Issue: May 21, 2001
My husband would like to plant plants and groundcover in our front yard that use little or no watering. Could you please suggest something and how to care for these plants? Almost everything that we have tried to plant has died. Your help would be greatly appreciated. I'm tired of having an UGLY yard!! El PasoAnswer:
In your location it is difficult to have a landscape that uses no water, but one requiring little irrigation can be achieved. However, it will be necessary to irrigate for a while until the plants have become established. The length of the establishment time requiring irrigation varies from plant to plant and soil preparation factors but can be a year or more for trees. Some shrubs and perennials can establish more quickly. Use of mulch can also reduce the need for applied water. Another useful technique is the use of "harvested" water; that is, to direct roof run-off water from rains to the root zone of landscape plants.
It is important to discover why your earlier plantings have failed. Were they watered enough to allow them to establish themselves in the landscape? Were they appropriate plants? Are there weed control chemicals in the soil which are preventing their establishment?
If there are persistent weed control chemicals in the soil, the problem can be solved but it will be difficult. To test for this potential problem, put some of your landscape soil in a flower pot and plant some bean and corn seeds (or some broad-leaf plant and a grass). If there are chemicals in the soil, characteristic symptoms should develop in the plants. Contact your local Cooperative Extension Service office with help if this is the problem. Container-grown plants may be a solution.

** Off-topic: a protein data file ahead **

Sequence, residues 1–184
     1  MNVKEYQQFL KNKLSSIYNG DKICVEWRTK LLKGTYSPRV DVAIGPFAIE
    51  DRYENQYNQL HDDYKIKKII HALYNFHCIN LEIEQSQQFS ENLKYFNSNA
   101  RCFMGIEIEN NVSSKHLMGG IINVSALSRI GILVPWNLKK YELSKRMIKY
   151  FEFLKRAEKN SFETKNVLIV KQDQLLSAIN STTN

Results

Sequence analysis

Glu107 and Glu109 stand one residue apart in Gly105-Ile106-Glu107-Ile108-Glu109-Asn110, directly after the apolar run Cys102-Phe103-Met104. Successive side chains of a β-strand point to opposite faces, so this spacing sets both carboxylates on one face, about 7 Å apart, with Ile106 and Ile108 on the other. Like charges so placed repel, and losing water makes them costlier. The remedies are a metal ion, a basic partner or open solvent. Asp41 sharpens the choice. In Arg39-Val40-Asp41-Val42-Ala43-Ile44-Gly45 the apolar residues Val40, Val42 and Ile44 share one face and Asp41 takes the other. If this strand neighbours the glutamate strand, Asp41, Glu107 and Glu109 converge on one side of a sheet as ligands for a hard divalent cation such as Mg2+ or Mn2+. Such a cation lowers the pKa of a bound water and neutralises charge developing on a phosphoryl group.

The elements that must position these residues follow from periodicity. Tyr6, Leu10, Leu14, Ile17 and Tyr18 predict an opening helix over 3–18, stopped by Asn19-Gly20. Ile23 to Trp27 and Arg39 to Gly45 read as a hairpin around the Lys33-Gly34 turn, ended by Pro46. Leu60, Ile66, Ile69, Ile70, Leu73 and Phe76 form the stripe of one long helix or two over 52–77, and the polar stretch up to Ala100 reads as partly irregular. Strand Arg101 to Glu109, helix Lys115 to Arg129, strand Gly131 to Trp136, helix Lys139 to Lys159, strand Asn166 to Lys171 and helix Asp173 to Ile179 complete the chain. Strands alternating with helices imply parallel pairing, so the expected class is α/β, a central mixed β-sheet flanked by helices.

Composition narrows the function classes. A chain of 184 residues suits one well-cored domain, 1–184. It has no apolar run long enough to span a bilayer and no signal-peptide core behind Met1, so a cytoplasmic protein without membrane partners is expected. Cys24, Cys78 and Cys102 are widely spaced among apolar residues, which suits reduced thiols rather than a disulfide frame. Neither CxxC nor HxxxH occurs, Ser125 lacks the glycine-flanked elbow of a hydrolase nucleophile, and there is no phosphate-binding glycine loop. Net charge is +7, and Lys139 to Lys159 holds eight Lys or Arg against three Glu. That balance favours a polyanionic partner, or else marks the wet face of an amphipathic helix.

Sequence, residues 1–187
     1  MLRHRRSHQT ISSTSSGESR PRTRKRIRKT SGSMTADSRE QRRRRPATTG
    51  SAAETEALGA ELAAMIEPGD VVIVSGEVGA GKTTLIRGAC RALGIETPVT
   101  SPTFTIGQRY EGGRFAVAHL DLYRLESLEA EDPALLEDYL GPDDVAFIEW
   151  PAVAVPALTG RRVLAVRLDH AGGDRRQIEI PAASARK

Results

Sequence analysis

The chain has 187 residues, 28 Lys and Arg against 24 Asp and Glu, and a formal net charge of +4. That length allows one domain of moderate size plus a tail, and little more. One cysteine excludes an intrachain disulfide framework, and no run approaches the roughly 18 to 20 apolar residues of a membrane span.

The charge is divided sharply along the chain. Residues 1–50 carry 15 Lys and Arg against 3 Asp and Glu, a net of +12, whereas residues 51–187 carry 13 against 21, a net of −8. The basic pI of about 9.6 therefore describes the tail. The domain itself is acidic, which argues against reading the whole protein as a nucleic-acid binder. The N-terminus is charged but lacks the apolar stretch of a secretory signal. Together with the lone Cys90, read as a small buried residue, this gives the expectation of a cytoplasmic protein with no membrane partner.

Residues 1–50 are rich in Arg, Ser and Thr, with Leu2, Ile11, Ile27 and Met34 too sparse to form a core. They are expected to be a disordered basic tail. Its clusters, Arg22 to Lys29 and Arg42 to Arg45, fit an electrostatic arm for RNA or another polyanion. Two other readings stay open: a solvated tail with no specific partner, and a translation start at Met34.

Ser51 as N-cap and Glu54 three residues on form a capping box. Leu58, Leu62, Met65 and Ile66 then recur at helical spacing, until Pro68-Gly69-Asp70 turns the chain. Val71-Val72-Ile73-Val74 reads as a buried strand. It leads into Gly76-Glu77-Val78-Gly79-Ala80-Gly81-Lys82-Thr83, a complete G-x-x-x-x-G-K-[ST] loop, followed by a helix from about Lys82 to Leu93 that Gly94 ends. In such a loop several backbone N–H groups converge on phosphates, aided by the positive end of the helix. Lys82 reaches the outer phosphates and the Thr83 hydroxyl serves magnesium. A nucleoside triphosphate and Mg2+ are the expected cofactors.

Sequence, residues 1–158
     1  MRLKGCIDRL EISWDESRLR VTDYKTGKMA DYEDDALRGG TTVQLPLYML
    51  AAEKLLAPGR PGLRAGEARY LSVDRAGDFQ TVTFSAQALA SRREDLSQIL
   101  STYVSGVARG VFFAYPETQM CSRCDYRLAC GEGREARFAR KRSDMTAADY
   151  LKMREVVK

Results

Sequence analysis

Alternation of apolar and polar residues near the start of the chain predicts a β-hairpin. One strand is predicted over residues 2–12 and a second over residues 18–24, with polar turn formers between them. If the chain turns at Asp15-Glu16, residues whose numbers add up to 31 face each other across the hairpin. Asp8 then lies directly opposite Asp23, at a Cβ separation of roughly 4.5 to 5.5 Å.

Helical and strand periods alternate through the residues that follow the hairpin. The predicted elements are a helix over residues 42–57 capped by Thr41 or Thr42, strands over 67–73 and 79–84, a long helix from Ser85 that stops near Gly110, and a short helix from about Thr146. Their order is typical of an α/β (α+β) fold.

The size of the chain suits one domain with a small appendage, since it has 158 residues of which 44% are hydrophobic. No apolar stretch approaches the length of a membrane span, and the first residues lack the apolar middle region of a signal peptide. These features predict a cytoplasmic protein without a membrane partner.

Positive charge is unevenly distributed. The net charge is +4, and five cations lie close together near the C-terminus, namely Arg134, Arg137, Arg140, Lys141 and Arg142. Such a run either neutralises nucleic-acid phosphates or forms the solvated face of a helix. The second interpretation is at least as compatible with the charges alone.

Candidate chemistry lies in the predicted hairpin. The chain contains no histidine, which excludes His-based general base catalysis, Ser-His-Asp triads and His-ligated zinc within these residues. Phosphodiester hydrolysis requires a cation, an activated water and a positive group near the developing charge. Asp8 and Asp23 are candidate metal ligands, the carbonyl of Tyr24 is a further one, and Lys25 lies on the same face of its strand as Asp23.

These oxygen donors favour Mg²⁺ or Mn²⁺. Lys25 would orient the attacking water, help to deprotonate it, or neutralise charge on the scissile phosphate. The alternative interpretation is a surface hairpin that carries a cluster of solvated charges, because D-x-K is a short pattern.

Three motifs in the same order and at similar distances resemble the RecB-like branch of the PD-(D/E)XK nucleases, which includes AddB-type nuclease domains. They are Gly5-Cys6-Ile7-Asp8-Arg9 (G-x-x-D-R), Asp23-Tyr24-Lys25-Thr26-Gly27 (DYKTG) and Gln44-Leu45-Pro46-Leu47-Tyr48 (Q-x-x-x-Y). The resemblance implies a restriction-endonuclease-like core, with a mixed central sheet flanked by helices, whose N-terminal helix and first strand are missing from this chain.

If the soil does not contain harmful chemicals, then proper plant selection, irrigation for establishment, mulching, and other good management techniques should be adequate to create an attractive landscape.
Plants to consider are numerous, and I will list only a small selection here. Groundcover plants and lower-growing flowering plants to consider include iceplant, Rocky Mountain zinnia, desert marigold, evening primrose, California poppy, Calylophus (sun drops), desert four o'clock, penstemons, and many others.
Shrubs to consider are Buddleia (butterfly bush), Leucophyllum (Texas sage), creosote bush (beautiful if irrigated only slightly), evergreen sumac, Texas mountain laurel, broom dalea (purple sage), hoary rosemary mint (very fragrant foliage), cliff fendlerbush, Ephedra (Mormon tea), Apache plume, Algerita, Artemisia sagebrush species, and many others. There are many shrubs that will grow well in your hot, dry location. Some will do very will with little more than "harvested water" once they are established.
There are also trees to consider. Some become large; others are small: New Mexico Buckeye, western soapberry, fragrant ash, mesquite, palo verde, desert willow, Emory oak (evergreen), Texas madrone (very beautiful bark), junipers, and many others.
Don't fail to consider ornamental grasses. These are not grown as a lawn but as attractive clumps of grass used like we use shrubs in the landscape. Many of these will require little or no water once established.
Of course there are numerous succulent plants to consider. Succulent plants include agave, nolina, yucca, and the cacti.
The plants listed above should grow well in El Paso, West Texas, and southern New Mexico. Many of them will also grow in more northern parts of New Mexico and at higher elevation, but not all are adapted to the colder regions.Top of Page
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Curtis W. Smith, Ph.D., is an Extension Horticulture Specialist with New Mexico State University's Cooperative Extension Service. New Mexico State University is an equal opportunity/affirmative action employer and educator.
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